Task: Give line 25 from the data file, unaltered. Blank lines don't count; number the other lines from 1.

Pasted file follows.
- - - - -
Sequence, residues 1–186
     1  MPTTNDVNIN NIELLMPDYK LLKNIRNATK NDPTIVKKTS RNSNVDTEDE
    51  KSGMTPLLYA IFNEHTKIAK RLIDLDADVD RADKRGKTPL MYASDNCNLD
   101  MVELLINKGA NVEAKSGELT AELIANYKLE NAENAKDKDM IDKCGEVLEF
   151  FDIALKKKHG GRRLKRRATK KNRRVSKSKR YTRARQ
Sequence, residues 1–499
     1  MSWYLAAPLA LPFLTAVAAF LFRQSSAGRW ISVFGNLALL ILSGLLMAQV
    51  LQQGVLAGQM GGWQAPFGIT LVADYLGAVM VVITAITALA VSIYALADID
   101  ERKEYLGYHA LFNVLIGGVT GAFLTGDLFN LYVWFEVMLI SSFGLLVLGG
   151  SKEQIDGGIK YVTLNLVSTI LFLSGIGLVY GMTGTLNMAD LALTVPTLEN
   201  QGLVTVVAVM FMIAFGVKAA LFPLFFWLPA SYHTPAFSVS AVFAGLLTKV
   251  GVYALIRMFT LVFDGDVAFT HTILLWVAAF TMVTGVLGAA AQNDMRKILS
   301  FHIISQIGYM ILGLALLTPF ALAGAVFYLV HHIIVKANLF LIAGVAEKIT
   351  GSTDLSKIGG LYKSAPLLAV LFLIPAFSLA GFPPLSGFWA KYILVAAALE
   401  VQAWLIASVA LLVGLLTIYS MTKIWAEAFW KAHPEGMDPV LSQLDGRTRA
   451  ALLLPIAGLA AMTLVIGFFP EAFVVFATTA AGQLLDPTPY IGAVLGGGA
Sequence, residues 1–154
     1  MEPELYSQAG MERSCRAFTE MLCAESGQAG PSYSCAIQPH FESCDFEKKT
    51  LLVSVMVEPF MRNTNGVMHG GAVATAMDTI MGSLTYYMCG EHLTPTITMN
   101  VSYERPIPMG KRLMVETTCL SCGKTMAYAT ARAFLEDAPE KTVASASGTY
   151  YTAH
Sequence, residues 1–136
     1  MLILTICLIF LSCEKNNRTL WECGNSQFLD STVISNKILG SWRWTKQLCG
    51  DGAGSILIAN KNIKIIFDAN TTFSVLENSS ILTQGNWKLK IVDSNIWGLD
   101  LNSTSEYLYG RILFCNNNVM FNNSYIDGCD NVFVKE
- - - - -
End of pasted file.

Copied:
   101  LNSTSEYLYG RILFCNNNVM FNNSYIDGCD NVFVKE